But let my Loves fayre planet short her wayes
This yeare ensuing, or else short my dayes.
[Footnote: LX. 4.--_As Mars in three score yeares_. I do not understand
Spenser's astronomy. C.]
The glorious image of the Makers beautie,
My soverayne saynt, the idoll of my thought,
Dare not henceforth, above the bounds of dewtie,
T'accuse of pride, or rashly blame for ought.
For being, as she is, divinely wrought,
And of the brood of angels heavenly born,
And with the crew of blessed saynts upbrought,
Each of which did her with theyr guifts adorne,
The bud of ioy, the blossome of the morne,
The beame of light, whom mortal eyes admyre,
What reason is it then but she should scorne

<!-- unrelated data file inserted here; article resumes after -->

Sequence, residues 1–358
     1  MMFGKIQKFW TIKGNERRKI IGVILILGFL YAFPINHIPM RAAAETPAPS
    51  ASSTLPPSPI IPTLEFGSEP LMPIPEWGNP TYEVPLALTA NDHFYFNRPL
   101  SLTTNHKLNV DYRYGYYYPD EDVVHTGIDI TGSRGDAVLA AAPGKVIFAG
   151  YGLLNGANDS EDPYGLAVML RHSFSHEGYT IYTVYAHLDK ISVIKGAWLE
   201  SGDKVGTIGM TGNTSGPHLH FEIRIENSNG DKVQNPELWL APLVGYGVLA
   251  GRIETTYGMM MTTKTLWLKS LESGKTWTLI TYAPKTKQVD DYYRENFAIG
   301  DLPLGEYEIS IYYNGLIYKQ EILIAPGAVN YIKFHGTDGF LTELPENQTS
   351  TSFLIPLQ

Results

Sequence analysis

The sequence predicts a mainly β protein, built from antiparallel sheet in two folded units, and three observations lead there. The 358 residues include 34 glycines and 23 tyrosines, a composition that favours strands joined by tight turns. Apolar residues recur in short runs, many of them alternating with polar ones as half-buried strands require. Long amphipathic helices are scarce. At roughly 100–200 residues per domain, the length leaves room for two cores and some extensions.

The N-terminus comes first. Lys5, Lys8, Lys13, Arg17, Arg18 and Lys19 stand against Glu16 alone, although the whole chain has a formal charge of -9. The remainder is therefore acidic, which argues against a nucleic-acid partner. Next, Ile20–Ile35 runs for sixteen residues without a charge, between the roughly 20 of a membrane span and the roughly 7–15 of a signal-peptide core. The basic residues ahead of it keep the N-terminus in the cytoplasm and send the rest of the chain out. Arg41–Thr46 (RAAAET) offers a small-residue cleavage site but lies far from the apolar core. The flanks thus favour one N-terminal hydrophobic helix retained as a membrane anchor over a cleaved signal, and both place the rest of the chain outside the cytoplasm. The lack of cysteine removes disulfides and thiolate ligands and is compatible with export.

Base things, that to her love too bold aspire!
Such heavenly formes ought rather worshipt be,
Then dare be lov'd by men of meane degree.
The weary yeare his race now having run,
The new begins his compast course anew:
With shew of morning mylde he bath begun,
Betokening peace and plenty to ensew.
So let us, which this chaunge of weather vew,
Chaunge eke our mynds, and former lives amend;
The old yeares sinnes forepast let us eschew,
And fly the faults with which we did offend.